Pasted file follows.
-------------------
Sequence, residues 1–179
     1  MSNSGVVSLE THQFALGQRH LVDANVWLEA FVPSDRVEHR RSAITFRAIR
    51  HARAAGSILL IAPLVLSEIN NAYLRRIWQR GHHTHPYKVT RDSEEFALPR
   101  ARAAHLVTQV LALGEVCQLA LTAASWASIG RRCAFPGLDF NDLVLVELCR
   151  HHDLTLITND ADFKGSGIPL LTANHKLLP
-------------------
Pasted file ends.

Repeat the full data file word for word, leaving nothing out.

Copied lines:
Sequence, residues 1–179
     1  MSNSGVVSLE THQFALGQRH LVDANVWLEA FVPSDRVEHR RSAITFRAIR
    51  HARAAGSILL IAPLVLSEIN NAYLRRIWQR GHHTHPYKVT RDSEEFALPR
   101  ARAAHLVTQV LALGEVCQLA LTAASWASIG RRCAFPGLDF NDLVLVELCR
   151  HHDLTLITND ADFKGSGIPL LTANHKLLP